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Authorities in Russia have charged a former U.S. consulate worker with collecting intel about the war in Ukraine among other related issues for Washington diplomats.
In a statement on Aug. 28, the Federal Security Service of the Russian Federation (FSB) said it “stopped the illegal activities” of Robert Robertovich Shonov, a former employee of the U.S. Consulate General in Vladivostok, and charged him with “cooperation on a confidential basis with a foreign state.”
The country’s main domestic security agency added that Mr. Shonov, a Russian citizen, is accused of collecting information about the “special military operation” in Ukraine, mobilization processes in the region of Russia, as well as problems and the assessment of their influence on protest activities of the population in the leadup to Russia’s 2024 presidential elections.
Moscow launched its invasion of Ukraine last February.
The FSB, which is Russia’s successor agency to the Soviet Union’s KGB, noted that Mr. Shonov was charged under a new article of Russian law that criminalizes “cooperation on a confidential basis with a foreign state, international or foreign organization to assist their activities clearly aimed against Russia’s security.”
Kremlin critics have said the formulation is so broad it can be used to punish any Russian citizen who has foreign connections. It carries a prison sentence of up to eight years.
The FSB also named two other diplomats in the political department in the U.S. embassy in Moscow, Jeffrey Cillin and David Bernstein, who allegedly instructed Mr. Shonov to collect the intel. The agency said that it’s planning to question the two American diplomats.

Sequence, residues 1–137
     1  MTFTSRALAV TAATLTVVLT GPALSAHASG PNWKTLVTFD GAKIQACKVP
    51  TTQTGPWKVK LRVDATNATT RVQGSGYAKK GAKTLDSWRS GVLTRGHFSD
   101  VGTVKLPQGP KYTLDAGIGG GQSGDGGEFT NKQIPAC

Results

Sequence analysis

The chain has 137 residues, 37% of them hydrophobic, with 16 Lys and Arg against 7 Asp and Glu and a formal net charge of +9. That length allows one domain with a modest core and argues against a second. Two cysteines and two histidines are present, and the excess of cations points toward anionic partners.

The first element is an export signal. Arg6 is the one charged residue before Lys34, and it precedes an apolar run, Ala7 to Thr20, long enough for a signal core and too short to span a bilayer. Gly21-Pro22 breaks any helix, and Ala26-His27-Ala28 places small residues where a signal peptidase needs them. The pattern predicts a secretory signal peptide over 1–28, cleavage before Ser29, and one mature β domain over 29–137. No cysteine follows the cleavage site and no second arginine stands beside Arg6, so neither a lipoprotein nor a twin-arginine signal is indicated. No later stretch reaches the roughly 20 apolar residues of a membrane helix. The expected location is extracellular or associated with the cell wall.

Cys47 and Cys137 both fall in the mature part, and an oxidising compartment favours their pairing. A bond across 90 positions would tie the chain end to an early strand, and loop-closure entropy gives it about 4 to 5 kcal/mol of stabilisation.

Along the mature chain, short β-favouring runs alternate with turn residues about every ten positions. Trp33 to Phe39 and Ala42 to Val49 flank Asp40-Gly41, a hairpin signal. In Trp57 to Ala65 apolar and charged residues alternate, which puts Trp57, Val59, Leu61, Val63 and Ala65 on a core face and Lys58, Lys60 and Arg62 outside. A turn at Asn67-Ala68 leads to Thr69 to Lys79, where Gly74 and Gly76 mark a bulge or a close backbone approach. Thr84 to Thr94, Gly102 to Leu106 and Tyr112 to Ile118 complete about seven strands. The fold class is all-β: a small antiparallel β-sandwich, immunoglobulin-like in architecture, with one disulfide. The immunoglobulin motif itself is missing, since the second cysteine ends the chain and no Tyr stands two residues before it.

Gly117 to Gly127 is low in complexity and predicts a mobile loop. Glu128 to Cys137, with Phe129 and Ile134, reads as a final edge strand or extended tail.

Mr. Shonov’s arrest was first reported by Russia’s state news agency TASS in May, but Kremlin authorities provided little details on what prompted the arrest at the time.
According to Russian news reports, he was being held in Moscow’s Lefortovo prison.
Responding to the FSB’s latest announcement, a spokesperson for the U.S. Department of State said in a statement on Aug. 28 that the allegations against Mr. Shonov “are wholly without merit.”
“As we have stated previously, Mr. Shonov was employed by a company contracted to provide services to the U.S. Embassy in Moscow in strict compliance with Russia’s laws and regulations. Russia’s targeting of Mr. Shonov under the ‘confidential cooperation’ statute only highlights the increasingly repressive actions the Russian government is taking against its own citizens,” Matthew Miller said in the statement.
“We strongly protest the Russian security services’ attempts—furthered by Russia’s state-controlled media—to intimidate and harass our employees,” he continued. “Russia is obligated under the Vienna Convention on Diplomatic Relations to treat diplomats with due respect and to take all appropriate steps to prevent any attack on their person, freedom, or dignity, and we expect them to fulfill that obligation.”
The State Department has said Mr. Shonov worked at the U.S. Consulate General in Vladivostok for more than 25 years. The consulate closed in 2020 because of the COVID-19 pandemic and never reopened.
The federal agency also said that after a Russian government order in April 2021 required the dismissal of all local employees in U.S. diplomatic outposts in Russia, Mr. Shonov worked at a company the United States contracted with to support its embassy in Moscow.
Also held in Lefortovo prison is Evan Gershkovich, an American reporter for The Wall Street Journal. Mr. Gershkovich has been in custody since his March 29 arrest by Russia’s security service on espionage charges that he, his employer, and the U.S. government have denied.
Mr. Gershkovich’s arrest